As another comparison with addiction which veers a little more on topic (but still a sad distance from Bombadil's identity), I saw drawings once made by addicts where the majority would write the word for their addiction in larger letters than their own name, literally seeing it as greater than they are. That's how the Ring affects people too, both Gollum and then Frodo in Mordor. The Ring is not an allegory for drugs and has a sinister purpose behind it that inert chemicals don't, but psychologically, Tolkien was very accurate about its mechanics.


Maciliel
Tol Eressea


Apr 24 2013, 10:46pm

Post #92 of 111 (157 views)
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also want to add... [In reply to] Can't Post

 
i know we have a wide circle of people here, some of whom may be experiencing these issues, and who look towards this place for solace or inspiration or a time-out, and i want to be respectful of that.

for any of our company who are struggling, i wish you strength, i wish you peace, and i wish you well.

with care --

.


aka. fili orc-enshield
+++++++++++++++++++
the scene, as i understand it, is exceptionally well-written. fili (in sort of a callback to the scene with the eagles), calls out "thorRIIIIIIN!!!" just as he sees the pale orc veer in for the kill. he picks up the severed arm of an orc which is lying on the ground, swings it up in desperation, effectively blocking the pale orc's blow. and thus, forever after, fili is known as "fili orc-enshield."

this earns him deep respect from his hard-to-please uncle. as well as a hug. kili wipes his boots on the pale orc's glory box. -- maciliel


Ataahua
Superuser / Moderator


Apr 24 2013, 10:58pm

Post #93 of 111 (155 views)
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The discussion is fine. [In reply to] Can't Post

The humour is directed at Gollum and used to flesh out considerations of his interaction with the Ring; there's no denigration of real-world people with drug issues here.

Celebrimbor: "Pretty rings..."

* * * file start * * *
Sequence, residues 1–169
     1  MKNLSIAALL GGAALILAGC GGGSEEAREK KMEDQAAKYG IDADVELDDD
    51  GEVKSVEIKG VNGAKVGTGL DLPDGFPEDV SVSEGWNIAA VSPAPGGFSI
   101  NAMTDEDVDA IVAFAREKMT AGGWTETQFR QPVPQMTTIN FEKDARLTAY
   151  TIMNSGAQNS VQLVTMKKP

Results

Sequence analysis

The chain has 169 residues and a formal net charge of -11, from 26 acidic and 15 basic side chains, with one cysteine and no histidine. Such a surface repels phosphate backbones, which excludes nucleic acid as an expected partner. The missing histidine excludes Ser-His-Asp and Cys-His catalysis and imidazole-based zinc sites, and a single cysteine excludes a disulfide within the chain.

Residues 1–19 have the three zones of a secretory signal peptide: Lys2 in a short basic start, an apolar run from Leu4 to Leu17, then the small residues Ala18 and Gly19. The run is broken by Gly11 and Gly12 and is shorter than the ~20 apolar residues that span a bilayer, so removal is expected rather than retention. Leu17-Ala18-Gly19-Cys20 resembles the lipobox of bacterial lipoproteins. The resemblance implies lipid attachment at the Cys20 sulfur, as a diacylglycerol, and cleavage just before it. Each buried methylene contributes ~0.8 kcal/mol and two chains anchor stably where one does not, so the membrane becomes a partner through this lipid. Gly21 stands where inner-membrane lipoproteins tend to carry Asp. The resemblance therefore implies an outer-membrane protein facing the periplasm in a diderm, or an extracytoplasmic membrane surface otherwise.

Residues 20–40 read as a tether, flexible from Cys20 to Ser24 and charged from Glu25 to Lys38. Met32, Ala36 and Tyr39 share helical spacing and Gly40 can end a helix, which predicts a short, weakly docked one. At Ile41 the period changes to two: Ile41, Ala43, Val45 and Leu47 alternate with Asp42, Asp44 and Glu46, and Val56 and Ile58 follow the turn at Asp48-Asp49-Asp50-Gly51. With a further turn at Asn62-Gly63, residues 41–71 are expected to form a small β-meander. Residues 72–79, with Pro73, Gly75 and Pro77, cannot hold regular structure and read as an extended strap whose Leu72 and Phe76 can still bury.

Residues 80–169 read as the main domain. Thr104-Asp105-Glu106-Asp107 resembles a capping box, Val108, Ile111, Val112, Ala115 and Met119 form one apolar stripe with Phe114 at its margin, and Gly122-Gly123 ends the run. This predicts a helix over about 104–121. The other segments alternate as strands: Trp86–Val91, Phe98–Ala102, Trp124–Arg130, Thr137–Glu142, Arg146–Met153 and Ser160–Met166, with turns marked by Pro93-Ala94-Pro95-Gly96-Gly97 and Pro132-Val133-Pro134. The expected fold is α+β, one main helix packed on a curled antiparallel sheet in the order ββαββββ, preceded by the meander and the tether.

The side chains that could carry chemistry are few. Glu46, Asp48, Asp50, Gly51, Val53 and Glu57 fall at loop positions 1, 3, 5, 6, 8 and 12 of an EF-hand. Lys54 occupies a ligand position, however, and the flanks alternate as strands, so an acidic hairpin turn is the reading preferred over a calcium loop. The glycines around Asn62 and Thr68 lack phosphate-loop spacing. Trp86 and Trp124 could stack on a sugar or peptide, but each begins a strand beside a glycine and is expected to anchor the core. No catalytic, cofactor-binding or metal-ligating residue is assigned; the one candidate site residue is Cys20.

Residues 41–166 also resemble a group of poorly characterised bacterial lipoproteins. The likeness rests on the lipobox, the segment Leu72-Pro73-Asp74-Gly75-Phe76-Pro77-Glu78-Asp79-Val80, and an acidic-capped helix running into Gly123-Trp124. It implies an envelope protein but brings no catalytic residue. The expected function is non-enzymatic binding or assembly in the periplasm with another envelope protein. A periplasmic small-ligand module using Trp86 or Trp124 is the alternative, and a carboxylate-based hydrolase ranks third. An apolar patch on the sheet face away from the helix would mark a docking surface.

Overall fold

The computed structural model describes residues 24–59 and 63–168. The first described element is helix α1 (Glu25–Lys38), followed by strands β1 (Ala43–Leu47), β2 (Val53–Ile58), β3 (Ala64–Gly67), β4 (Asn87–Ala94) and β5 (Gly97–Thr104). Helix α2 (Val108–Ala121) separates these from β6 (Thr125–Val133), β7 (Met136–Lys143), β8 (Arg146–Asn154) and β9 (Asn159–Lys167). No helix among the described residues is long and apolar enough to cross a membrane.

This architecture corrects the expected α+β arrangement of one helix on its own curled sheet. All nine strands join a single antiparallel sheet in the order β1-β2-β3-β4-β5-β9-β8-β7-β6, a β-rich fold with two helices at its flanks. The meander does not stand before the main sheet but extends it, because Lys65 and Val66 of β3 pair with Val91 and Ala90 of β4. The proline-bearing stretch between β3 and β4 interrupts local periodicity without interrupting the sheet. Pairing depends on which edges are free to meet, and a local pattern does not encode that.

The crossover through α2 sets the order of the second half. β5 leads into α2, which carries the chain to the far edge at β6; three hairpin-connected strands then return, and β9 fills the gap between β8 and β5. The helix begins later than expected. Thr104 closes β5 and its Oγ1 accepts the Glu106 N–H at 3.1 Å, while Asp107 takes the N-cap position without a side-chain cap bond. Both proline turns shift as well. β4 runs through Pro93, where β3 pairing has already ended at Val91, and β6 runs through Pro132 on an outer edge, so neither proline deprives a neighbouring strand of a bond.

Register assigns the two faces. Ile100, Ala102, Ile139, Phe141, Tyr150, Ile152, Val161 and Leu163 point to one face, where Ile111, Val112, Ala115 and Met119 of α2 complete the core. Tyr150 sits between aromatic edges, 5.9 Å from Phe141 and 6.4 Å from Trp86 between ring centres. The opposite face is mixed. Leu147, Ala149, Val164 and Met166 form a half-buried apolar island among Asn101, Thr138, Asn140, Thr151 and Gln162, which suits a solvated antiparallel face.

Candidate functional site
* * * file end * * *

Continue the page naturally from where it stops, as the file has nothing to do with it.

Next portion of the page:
Dwarves: "Pretty rings..."
Men: "Pretty rings..."
Sauron: "Mine's better."

"Ah, how ironic, the addictive qualities of Sauron’s master weapon led to its own destruction. Which just goes to show, kids - if you want two small and noble souls to succeed on a mission of dire importance... send an evil-minded beggar with them too." - Gandalf's Diaries, final par, by Ufthak.


Ataahua's stories


Smeagol Bagginsess
Rivendell


Apr 25 2013, 10:51am

Post #94 of 111 (142 views)
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Well, here's the passage [In reply to] Can't Post


In Reply To
I know this one gets mentioned a lot, but I'm of the opinion that if Smeagol really had wanted to renounce his villainy, he would have done so. It might not have been at the same point, but he certainly still could have done it.

That said, I haven't read the passage in quite some time, so maybe rereading it would change my mind.


"Gollum looked at them. A strange expression passed over his lean hungry face. The gleam faded from his eyes, and they went dim and grey, old and tired. A spasm of pain seemed to twist him, and he turned away, peering back up towards the pass, shaking his head, as if engaged in some interior debate. Then he came back, and slowly putting out a trembling hand, very cautiously he touched Frodo’s knee — but almost the touch was a caress. For a fleeting moment, could one of the sleepers have seen him, they would have thought that they beheld an old weary hobbit, shrunken by the years that had carried him far beyond his time, beyond friends and kin, and the fields and streams of youth, an old starved pitiable thing."

---- TTT, The stairs of Cirith Ungol


That I think signifies very much Smeagol's old self. As Tolkien says "a weary old hobbit, shrunken by age beyond friends and kin ..." . Smeagol was definitely changing for the good, and I believe if what happened next was not there there was actually a fair chance that Smeagol would have tried to lead Frodo and Sam through Shelob's lair without the spider finding out (he knew the secret ways).

And read the next few lines:

"But at that touch Frodo stirred and cried out softly in his sleep, and immediately Sam was wide awake. The first thing he saw was Gollum - ‘pawing at master,’ as he thought.

‘Hey you!’ he said roughly. ‘What are you up to?’

‘Nothing, nothing,’ said Gollum softly. ‘Nice Master!’

‘I daresay,’ said Sam. ‘But where have you been to - sneaking off and sneaking back, you old villain? ‘

Gollum withdrew himself, and a green glint flickered under his heavy lids."


---- TTT, The stairs of Cirith Ungol

When Sam first confronts him and accuses him quite rudely, quite unlike Gollum he responds gently denying that. Those are key points to consider.